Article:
The influx of these populations especially impacted our school systems that now had many students that needed help learning English. In places like Los Angles the solution was to put them into special schools to help them get more attention to learn English. The Hispanic community became in an uproar about this because the school system was segregating their kids, which was a violation of the 14th Amendment. In Delgado vs. Bastrop Independent School District, it was ruled that the schools could not separate the Hispanic children unless a scientific test in first grade ruled that they need English instruction (Spring, 399). Although they liked the end of segregation, schools still could separate based on the English tests so many
As an immigrant, relocating to America does not necessarily mean a permanent settlement. More often than not, my family moved in multiple occasions as my family found it challenging to achieve a sustainable way of life. During the span of my childhood, I have moved to seven cities within a span of fourteen years and enrolled at five schools. Being an oriental immigrant proved to be enough of an embarrassment to my moral standards, but being labeled as “the new kid”, activated my deepest insecurities. Forcibly putting myself in an environment where diversity was not apparent, I implicitly harnessed an arrogance and hatred to my own culture.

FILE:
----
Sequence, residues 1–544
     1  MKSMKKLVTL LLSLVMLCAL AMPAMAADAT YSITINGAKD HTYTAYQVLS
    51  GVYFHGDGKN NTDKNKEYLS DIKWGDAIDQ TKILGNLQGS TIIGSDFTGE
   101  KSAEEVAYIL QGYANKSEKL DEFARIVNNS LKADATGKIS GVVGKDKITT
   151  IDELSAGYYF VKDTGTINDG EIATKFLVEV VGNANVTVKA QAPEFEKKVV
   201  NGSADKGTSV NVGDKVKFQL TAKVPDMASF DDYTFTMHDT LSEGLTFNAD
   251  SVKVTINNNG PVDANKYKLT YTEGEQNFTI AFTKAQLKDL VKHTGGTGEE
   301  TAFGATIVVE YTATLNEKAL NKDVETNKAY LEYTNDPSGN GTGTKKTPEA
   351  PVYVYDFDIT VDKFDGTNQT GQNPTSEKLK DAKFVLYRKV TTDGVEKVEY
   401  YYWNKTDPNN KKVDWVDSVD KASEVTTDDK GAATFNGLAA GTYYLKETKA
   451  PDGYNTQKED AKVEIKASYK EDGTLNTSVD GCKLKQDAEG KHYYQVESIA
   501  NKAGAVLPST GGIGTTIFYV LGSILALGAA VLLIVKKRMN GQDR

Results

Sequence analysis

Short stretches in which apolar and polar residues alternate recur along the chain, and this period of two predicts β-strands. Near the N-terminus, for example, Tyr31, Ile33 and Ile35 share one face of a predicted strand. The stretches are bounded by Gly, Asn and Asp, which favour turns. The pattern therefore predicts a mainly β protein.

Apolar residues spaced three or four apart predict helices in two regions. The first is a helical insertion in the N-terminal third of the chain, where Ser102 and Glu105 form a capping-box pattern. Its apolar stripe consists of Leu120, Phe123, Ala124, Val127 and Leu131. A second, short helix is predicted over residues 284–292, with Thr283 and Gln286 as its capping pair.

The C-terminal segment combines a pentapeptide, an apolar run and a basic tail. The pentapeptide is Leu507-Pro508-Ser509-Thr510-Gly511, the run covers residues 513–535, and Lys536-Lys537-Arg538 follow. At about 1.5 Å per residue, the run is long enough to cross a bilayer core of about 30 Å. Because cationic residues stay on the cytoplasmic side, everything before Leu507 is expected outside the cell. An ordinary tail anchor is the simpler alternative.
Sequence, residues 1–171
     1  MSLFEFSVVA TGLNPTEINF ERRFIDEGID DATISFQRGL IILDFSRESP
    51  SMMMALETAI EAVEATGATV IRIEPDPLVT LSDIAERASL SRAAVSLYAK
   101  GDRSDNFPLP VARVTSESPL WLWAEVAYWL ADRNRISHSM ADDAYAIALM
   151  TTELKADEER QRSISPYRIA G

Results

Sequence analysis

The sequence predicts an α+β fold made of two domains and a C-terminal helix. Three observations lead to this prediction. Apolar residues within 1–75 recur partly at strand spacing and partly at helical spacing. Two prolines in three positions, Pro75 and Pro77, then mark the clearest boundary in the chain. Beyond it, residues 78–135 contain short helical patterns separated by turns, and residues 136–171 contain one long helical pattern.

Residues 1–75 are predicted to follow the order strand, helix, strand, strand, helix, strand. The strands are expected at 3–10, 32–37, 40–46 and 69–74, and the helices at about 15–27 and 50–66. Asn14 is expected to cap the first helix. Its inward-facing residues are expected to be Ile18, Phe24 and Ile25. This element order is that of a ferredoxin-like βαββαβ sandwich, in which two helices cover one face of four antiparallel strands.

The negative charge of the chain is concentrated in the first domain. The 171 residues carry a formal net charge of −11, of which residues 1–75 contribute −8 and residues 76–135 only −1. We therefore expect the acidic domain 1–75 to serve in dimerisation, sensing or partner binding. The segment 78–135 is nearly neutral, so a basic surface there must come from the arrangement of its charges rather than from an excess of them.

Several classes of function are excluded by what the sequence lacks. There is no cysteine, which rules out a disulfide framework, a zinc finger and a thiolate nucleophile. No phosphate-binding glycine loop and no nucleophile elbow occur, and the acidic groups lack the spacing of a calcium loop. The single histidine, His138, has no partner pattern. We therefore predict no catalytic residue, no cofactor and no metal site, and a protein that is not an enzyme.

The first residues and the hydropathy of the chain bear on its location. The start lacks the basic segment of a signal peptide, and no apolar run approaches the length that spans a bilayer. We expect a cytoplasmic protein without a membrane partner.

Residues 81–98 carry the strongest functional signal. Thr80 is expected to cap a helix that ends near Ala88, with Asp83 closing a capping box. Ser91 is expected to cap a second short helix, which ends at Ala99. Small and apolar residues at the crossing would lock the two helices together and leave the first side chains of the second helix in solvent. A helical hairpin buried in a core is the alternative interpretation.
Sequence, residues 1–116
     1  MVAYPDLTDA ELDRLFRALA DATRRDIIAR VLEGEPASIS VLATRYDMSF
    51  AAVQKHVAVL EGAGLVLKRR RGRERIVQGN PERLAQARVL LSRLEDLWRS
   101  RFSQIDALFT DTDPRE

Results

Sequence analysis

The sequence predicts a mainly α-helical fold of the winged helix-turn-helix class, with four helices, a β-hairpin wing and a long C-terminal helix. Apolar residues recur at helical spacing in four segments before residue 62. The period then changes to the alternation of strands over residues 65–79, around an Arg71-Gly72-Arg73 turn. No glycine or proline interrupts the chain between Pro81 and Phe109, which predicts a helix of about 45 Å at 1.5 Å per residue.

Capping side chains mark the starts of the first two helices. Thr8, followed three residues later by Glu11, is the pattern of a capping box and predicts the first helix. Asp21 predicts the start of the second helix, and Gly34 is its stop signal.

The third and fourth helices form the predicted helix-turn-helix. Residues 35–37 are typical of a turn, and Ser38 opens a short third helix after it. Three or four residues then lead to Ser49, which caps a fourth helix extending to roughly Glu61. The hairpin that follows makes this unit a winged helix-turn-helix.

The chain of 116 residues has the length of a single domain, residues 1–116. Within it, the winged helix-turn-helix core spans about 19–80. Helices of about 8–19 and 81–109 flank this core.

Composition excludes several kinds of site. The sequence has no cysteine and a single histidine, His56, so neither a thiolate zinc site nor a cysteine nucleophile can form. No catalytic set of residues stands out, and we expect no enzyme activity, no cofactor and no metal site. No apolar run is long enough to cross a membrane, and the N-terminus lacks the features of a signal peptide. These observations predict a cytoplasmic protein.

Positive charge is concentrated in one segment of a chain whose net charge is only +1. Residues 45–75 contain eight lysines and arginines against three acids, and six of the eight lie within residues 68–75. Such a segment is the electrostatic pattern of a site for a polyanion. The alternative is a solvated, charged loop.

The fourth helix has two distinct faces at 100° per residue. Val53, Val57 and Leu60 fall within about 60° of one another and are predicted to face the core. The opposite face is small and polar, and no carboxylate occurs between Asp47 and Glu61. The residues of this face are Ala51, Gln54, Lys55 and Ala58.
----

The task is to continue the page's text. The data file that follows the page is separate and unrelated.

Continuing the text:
When 6th grade came, I transferred into a Baltimore City Public School since I really wasn’t getting the education I needed at the private school. It was still rough not fitting it. I thought that becoming like the other kids would make me happy, but I was learning new things everyday and I realized in high school that being the outcast is better than being like everyone else. The journey I dealt with in high school was very emotionally tough and life changing.